‘From what part of the grounds is that?’ asked Doctor Bryerly, sharply.

I described the situation as well as I could.

‘Can we see it from this?’ he asked, peeping from the window.

‘Oh, no.’

Doctor Bryerly made a note in his pocket-book here, and I said:

‘But I am really quite sure it was a story of Dickon's, he is such a surly, disobliging man.’

‘And what sort is that old servant that came in and out of his room?’

‘Oh, that is old L'Amour,’ I answered, rather indirectly, and forgetting that I was using Milly's nickname.

‘And is she civil?’ he asked.

No, she certainly was not; a most disagreeable old woman, with a vein of wickedness. I thought I had heard her swearing.

‘They don't seem to be a very engaging lot,’ said Doctor Bryerly; ‘but where there's one, there will be more. See here, I was just reading a passage,’ and he opened the little volume at the place where his finger marked it, and read for me a few sentences, the purport of which I well remember, although, of course, the words have escaped me.

It was in that awful portion of the book which assumes to describe the condition of the condemned; and it said, that independently of the physical causes in that state operating to enforce community of habitation, and an isolation from superior spirits, there exist sympathies, aptitudes, and necessities which would, of themselves, induce that depraved gregariousness, and isolation too.

‘And what of the rest of the servants, are they better?’ he resumed.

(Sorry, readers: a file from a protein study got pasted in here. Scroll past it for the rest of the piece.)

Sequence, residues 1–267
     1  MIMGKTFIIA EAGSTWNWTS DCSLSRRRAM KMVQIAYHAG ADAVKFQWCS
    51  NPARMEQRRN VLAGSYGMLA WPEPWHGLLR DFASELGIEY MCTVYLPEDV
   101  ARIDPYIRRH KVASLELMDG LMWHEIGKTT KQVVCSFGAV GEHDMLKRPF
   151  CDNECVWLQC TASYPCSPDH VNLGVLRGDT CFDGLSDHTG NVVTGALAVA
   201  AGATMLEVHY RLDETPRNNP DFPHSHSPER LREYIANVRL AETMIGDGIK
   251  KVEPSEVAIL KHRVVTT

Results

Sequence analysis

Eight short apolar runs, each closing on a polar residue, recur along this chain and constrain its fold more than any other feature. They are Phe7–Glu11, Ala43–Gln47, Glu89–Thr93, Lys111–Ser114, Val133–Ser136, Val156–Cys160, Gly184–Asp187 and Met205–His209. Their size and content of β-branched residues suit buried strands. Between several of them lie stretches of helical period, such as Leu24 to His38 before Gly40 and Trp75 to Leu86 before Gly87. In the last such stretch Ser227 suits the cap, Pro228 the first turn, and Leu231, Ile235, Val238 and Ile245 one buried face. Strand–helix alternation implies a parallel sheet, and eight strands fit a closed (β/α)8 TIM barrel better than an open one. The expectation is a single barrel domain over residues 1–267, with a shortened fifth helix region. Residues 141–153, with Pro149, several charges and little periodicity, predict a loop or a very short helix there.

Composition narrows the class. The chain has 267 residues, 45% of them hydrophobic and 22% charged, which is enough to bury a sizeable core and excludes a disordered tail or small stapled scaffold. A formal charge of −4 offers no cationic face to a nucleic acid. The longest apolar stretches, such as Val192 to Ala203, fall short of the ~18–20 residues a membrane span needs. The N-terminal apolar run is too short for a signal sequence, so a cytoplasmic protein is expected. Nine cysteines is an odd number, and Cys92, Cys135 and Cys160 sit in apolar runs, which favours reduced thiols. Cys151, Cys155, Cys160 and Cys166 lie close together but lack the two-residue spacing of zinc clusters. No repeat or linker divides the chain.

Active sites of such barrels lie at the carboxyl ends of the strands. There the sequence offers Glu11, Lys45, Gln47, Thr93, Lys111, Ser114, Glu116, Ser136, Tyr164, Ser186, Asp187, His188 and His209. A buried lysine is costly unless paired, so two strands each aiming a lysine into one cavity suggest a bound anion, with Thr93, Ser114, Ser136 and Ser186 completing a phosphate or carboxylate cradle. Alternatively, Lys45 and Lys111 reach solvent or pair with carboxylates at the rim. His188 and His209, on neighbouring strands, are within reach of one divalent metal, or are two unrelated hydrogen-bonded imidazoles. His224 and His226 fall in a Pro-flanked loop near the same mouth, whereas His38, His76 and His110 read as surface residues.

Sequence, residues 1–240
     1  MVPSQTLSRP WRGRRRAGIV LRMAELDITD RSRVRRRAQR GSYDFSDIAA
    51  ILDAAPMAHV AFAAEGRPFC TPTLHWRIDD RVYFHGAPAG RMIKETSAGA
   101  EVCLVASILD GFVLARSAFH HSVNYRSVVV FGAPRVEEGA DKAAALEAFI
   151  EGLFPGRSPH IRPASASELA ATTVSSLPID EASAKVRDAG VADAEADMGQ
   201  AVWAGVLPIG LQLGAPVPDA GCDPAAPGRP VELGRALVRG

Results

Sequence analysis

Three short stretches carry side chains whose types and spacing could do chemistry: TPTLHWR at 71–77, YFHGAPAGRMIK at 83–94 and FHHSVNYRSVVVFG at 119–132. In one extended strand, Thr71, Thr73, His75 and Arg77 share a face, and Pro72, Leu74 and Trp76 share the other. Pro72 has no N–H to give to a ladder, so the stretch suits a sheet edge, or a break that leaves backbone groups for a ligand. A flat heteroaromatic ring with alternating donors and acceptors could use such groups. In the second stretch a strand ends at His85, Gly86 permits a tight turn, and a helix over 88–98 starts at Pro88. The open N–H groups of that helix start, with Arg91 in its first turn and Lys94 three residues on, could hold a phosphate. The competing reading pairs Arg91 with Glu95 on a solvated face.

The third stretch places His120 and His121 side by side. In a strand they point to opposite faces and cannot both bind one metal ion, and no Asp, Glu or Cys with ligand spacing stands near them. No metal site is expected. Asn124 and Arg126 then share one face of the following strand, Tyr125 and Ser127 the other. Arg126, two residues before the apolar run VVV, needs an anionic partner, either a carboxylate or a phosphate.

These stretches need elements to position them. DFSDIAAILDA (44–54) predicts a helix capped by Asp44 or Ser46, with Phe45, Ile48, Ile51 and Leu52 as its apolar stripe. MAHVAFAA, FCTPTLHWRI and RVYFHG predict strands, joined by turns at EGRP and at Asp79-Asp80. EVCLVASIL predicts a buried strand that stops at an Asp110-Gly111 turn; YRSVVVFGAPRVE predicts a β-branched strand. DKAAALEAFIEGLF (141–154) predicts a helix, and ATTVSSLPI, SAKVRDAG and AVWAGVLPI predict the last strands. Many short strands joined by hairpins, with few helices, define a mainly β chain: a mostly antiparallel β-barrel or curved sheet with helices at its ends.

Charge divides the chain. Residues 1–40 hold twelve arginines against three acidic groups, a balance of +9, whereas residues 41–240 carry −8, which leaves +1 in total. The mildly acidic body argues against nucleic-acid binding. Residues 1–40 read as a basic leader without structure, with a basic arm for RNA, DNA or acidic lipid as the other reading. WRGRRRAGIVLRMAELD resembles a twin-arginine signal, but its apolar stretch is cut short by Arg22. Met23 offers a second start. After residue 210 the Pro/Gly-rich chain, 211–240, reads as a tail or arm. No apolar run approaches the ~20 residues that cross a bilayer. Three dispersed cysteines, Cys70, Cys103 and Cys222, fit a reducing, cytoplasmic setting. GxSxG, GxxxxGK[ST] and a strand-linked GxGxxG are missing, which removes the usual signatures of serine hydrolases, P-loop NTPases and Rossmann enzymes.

We saw little or nothing of the others, except of old ‘Giblets,’ the butler, who went about like a little automaton of dry bones, poking here and there, and whispering and smiling to himself as


he laid the cloth; and seeming otherwise quite unconscious of an external world.

‘This room is not got up like Mr. Ruthyn's; does he talk of furnishings and making things a little smart? No! Well, I must say, I think he might.’

Here there was a little silence, and Doctor Bryerly, with his accustomed simultaneous glance at the door, said in low, cautious tones, very distinctly:

‘Have you been thinking at all over that matter again, I mean about getting your uncle to forego his guardianship? I would not mind his first refusal. You could make it worth his while, unless he—that is—unless he's very unreasonable indeed; and I think you would consult your interest, Miss Ruthyn, by doing so and, if possible, getting out of this place.’

‘But I have not thought of it at all; I am much happier here than I had at all expected, and I am very fond of my cousin Milly.’

‘How long have you been here exactly?’

I told him. It was some two or three months.

‘Have you seen your other cousin yet—the young gentleman?’


‘H'm! Aren't you very lonely?’ he enquired.

‘We see no visitors here; but that, you know, I was prepared for.’

Doctor Bryerly read the wrinkles on his splay boot intently and peevishly, and tapped the sole lightly on the ground.